Frontotemporal dementia (FTD) has a strong genetic basis, with familial forms occurring in 30-50% of cases. Causative genes have been identified, with an autosomal dominant pattern of inheritance. Notwithstanding, in a number of cases with positive family history no pathogenetic mutation has been reported, and the role of genetics in sporadic cases is still unclear. In the present study, we aim to estimate the genetic contribution to FTD using concordance among parent-offspring pairs. Heritability of early-onset (EO, <65 years) and late-onset (LO, >= 65 years) FTD was estimated by examining the concordance between parents and offspring. Probands with at least one parent whose dementia status was known were recruited from 15 Italian centers, and the presence or absence of dementia was considered in siblings. Different prevalence estimates, as available by literature data, were tested. A total of 260 probands and 1619 family members were considered in this study. We found that parent-offspring concordance in FTD was 6.25%, resulting in hereditability of 98.5% (95% confidence interval (CI): 85.0%-100.0%). Equal heritability for both sexes regardless of parental gender was reported. EO-FTD showed hereditability of 86.3% (95% CI: 77.0%-95.0%) and LO-FTD of 75.7% (95% CI: 65.0%-86.0%). Estimating the contribution of genetics in FTD may help in driving future genetic studies to identify new pathogenetic determinants. We suggest that in most of the cases FTD is a genetic-based disease, even in the elderly. Different inheritance modality might be considered in future work, beyond autosomal dominant disease.

Estimating the inheritance of frontotemporal lobar degeneration in the Italian population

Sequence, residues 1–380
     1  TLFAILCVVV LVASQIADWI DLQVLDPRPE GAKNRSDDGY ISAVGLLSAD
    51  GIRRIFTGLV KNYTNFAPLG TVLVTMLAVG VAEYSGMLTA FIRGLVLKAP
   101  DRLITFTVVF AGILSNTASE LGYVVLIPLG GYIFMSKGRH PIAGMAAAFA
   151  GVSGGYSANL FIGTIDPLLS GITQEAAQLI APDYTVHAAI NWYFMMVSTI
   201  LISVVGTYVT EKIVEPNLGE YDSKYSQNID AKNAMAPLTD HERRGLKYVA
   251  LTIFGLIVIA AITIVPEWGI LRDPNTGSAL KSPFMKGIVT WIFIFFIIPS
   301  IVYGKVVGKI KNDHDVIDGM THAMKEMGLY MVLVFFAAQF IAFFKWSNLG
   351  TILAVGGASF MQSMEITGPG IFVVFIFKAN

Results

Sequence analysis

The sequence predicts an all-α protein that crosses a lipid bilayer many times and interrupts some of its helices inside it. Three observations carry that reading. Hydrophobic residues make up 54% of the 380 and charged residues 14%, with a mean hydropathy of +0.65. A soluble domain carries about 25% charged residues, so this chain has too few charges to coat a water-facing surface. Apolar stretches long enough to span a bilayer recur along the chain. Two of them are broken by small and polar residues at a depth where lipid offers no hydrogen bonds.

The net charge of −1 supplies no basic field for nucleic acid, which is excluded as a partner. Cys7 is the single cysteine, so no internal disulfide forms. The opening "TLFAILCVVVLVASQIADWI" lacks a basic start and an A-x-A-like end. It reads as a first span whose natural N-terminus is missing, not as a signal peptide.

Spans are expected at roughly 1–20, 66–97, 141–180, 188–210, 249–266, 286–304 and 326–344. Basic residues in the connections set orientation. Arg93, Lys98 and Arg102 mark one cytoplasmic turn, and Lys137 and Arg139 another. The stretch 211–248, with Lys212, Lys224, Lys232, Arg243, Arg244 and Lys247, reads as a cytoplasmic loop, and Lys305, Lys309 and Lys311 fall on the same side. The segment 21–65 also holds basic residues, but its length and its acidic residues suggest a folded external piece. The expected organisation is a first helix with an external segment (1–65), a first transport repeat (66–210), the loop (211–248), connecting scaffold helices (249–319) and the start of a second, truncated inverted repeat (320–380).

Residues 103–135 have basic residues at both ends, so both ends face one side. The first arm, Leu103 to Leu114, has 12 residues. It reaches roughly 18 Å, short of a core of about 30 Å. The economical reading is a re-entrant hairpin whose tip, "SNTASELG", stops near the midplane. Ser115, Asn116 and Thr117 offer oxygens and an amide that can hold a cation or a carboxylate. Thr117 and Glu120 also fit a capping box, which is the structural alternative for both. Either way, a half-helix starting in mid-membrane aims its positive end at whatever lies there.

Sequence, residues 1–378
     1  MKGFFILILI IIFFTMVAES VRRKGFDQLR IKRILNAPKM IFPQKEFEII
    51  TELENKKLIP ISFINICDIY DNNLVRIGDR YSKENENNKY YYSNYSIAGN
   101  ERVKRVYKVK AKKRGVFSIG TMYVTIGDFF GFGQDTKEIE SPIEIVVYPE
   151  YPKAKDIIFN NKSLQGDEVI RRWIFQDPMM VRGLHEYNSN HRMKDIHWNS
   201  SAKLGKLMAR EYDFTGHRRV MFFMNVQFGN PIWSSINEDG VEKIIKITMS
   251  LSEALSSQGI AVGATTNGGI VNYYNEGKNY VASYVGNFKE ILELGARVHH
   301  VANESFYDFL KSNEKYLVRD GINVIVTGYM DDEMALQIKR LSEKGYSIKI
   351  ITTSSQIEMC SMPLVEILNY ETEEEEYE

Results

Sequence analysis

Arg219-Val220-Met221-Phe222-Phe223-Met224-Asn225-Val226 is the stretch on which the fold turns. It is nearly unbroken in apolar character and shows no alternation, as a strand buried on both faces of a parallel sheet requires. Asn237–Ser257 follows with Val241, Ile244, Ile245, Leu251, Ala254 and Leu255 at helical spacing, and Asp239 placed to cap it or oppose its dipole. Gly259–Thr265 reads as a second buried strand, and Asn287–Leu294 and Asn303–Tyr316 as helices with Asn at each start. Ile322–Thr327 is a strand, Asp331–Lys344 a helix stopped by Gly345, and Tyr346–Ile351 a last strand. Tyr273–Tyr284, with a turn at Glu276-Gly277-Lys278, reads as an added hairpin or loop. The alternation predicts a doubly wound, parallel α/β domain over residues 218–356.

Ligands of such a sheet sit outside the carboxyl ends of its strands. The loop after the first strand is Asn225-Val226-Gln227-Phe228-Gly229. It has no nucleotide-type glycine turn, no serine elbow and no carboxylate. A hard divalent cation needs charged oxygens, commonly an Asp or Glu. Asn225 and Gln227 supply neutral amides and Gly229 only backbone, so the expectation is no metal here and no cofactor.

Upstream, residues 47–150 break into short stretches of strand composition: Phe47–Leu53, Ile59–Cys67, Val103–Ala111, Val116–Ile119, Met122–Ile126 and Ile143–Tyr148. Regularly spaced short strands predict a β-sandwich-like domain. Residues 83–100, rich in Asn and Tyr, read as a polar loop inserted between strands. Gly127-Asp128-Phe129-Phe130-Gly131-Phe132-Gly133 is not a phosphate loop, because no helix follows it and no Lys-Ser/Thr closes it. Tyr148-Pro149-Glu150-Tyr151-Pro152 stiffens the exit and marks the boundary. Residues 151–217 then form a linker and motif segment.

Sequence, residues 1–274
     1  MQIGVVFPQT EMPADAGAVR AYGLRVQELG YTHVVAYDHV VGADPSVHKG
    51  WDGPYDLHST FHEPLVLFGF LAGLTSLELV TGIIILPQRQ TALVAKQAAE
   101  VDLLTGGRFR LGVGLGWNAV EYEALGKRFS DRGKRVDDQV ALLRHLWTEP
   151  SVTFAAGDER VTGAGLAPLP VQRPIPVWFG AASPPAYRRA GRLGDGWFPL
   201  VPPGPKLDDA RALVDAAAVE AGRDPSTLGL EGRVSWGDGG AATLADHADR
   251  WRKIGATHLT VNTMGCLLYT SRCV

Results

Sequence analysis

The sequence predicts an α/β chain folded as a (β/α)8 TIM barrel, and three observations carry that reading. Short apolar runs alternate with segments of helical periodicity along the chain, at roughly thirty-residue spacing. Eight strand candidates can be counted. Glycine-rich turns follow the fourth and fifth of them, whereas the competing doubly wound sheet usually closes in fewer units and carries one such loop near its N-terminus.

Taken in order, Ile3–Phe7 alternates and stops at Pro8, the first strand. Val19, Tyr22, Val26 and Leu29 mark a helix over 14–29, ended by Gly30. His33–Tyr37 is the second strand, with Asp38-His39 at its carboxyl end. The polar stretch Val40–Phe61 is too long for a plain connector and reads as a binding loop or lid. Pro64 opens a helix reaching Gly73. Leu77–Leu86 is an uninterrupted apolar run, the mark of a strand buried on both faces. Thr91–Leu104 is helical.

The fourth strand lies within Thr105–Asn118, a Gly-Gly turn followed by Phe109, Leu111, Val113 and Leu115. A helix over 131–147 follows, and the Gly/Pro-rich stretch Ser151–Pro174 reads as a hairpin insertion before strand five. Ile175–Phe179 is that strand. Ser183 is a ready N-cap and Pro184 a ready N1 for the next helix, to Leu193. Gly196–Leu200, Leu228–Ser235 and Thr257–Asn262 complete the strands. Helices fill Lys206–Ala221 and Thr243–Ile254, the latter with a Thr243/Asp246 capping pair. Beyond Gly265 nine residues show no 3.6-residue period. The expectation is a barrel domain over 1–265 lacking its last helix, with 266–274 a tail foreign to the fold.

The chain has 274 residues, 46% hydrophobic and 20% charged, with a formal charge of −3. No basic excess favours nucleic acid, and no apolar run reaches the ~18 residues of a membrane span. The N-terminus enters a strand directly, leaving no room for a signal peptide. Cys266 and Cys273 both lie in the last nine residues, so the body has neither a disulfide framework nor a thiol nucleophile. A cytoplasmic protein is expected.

Grassi M;Pepe D;
2014

Abstract

Frontotemporal dementia (FTD) has a strong genetic basis, with familial forms occurring in 30-50% of cases. Causative genes have been identified, with an autosomal dominant pattern of inheritance. Notwithstanding, in a number of cases with positive family history no pathogenetic mutation has been reported, and the role of genetics in sporadic cases is still unclear. In the present study, we aim to estimate the genetic contribution to FTD using concordance among parent-offspring pairs. Heritability of early-onset (EO, <65 years) and late-onset (LO, >= 65 years) FTD was estimated by examining the concordance between parents and offspring. Probands with at least one parent whose dementia status was known were recruited from 15 Italian centers, and the presence or absence of dementia was considered in siblings. Different prevalence estimates, as available by literature data, were tested. A total of 260 probands and 1619 family members were considered in this study. We found that parent-offspring concordance in FTD was 6.25%, resulting in hereditability of 98.5% (95% confidence interval (CI): 85.0%-100.0%). Equal heritability for both sexes regardless of parental gender was reported. EO-FTD showed hereditability of 86.3% (95% CI: 77.0%-95.0%) and LO-FTD of 75.7% (95% CI: 65.0%-86.0%). Estimating the contribution of genetics in FTD may help in driving future genetic studies to identify new pathogenetic determinants. We suggest that in most of the cases FTD is a genetic-based disease, even in the elderly. Different inheritance modality might be considered in future work, beyond autosomal dominant disease.
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Utilizza questo identificativo per citare o creare un link a questo documento: http://hdl.handle.net/11571/680624
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